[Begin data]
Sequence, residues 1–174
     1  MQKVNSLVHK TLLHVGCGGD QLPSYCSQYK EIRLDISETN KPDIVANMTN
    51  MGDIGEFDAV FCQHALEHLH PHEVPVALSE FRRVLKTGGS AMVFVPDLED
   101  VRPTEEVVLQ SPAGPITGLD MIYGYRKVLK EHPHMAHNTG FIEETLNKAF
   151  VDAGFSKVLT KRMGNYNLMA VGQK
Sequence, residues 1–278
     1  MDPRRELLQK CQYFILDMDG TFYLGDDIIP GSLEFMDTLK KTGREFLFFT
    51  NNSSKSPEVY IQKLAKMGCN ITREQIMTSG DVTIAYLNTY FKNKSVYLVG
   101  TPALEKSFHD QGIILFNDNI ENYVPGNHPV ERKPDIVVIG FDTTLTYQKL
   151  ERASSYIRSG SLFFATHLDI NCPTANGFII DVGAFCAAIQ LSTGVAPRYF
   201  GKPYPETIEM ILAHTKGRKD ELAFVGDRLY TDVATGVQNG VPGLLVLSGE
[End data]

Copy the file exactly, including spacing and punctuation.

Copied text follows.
Sequence, residues 1–174
     1  MQKVNSLVHK TLLHVGCGGD QLPSYCSQYK EIRLDISETN KPDIVANMTN
    51  MGDIGEFDAV FCQHALEHLH PHEVPVALSE FRRVLKTGGS AMVFVPDLED
   101  VRPTEEVVLQ SPAGPITGLD MIYGYRKVLK EHPHMAHNTG FIEETLNKAF
   151  VDAGFSKVLT KRMGNYNLMA VGQK
Sequence, residues 1–278
     1  MDPRRELLQK CQYFILDMDG TFYLGDDIIP GSLEFMDTLK KTGREFLFFT
    51  NNSSKSPEVY IQKLAKMGCN ITREQIMTSG DVTIAYLNTY FKNKSVYLVG
   101  TPALEKSFHD QGIILFNDNI ENYVPGNHPV ERKPDIVVIG FDTTLTYQKL
   151  ERASSYIRSG SLFFATHLDI NCPTANGFII DVGAFCAAIQ LSTGVAPRYF
   201  GKPYPETIEM ILAHTKGRKD ELAFVGDRLY TDVATGVQNG VPGLLVLSGE